The central slogan of the common opposition challenge to Rajapakse is: to ‘abolish the executive presidency’. The centralisation of power in the hands of one individual is pin-pointed as the source of the wasting away of Sri Lanka’s liberal democratic institutions and norms. However, behind this demand is the true unifying one-point objective of an otherwise disparate and discordant opposition: the removal of Mahinda Rajapakse and his cabal from government, and by implication their substitution for it.
Comrade Bahu, who not very long ago described the campaign against the Executive Presidency as ‘ultra-left’ – perhaps affected by the lukewarm attitude of UNP leader Ranil Wickremasinghe to demands for its abolition – and his supporters within the NSSP have the merit of being more direct.

These comrades frankly state that their political line begins and ends with the issue of how to hasten the demise of Mahinda Rajapakse; while their political methodology is to join hands with anyone – including the UNP – in order to defeat the ‘fascist-style’ (as Bahu characterises it) Rajapakse regime.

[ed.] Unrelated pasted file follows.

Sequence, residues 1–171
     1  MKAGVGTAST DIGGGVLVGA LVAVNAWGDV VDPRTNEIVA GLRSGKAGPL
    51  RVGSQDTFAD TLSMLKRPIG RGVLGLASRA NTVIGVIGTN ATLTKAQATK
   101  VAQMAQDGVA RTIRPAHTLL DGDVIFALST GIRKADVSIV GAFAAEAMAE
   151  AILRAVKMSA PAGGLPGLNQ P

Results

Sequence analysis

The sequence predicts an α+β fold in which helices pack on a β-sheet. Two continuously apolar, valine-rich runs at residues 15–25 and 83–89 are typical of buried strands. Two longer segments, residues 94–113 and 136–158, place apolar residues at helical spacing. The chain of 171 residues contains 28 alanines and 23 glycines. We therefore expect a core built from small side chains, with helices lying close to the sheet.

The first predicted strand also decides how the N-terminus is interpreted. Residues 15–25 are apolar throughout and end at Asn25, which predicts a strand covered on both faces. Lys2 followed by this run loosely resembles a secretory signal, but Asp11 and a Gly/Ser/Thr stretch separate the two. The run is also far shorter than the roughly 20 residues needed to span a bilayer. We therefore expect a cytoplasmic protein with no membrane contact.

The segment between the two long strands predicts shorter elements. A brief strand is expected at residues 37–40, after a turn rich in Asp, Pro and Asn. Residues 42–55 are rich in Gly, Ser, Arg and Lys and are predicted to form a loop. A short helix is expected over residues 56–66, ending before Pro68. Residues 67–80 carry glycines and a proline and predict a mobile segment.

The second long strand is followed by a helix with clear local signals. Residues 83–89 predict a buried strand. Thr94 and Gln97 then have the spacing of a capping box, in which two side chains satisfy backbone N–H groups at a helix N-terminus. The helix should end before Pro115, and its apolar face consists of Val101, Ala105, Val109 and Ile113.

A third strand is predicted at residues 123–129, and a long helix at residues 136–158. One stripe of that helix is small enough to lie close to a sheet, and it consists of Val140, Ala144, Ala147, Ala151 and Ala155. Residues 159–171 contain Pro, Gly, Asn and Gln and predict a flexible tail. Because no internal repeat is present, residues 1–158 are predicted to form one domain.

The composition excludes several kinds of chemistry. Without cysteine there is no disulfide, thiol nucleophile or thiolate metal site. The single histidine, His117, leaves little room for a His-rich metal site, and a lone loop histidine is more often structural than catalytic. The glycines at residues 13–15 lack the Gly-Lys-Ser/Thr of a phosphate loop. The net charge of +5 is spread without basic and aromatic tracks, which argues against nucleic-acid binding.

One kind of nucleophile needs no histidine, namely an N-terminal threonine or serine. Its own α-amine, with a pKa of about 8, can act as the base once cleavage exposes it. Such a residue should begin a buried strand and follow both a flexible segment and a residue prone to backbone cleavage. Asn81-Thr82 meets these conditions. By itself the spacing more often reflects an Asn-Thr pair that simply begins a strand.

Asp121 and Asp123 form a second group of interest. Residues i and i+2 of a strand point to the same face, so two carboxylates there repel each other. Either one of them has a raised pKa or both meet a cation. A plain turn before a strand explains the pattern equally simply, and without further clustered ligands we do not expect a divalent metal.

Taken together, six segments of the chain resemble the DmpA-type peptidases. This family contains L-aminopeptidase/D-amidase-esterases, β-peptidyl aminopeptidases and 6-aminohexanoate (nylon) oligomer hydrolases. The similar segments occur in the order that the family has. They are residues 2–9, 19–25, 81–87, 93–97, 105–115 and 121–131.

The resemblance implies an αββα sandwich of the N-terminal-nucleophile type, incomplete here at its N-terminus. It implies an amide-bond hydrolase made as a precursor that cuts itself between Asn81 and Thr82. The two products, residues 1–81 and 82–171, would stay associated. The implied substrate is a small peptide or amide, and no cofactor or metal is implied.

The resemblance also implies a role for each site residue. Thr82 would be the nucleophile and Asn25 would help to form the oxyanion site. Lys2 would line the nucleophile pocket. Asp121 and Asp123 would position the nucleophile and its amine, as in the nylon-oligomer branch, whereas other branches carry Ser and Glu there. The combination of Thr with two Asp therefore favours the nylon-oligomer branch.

It is not surprising that the Liberal-Left (the Left that thinks it is socialist but has actually collapsed into the political liberalism of NGOs and their donors) diagnoses the ills of the body politic in the person of the president and the office of the executive president. It is however, distressing when comrades of our Party abandon historical materialism by believing Mahinda Rajapakse and his form of rule to be the source of all evil, when in fact it is the toxic effluent of the capitalist system.

 Political Independence and Left Alternative

Conversely, the Wame Handa group (the public faction in the NSSP) has been on a different line of march. We have been engaged in dialogue with some of the remains of the revolutionary Left, principally the left-split from the Janatha Vimukthi Peramuna (JVP – Peoples Liberation Front) called the Frontline Socialist Party (FSP – Peratugami Samajawadi Pakshaya); and a variety of Trotskyist and Maoist small groups, to develop a Common Left campaign in this election.

It is already a small victory that some of us have come together to form the Left Front barely six weeks before a national election. We conducted a media conference on the 27th of November, which was addressed by comrade Linus Jayatilake among others. Duminda Nagamuwa, a young leader of the FSP (whose cadre are half the average age of the rest of the far Left) was introduced as our presidential candidate.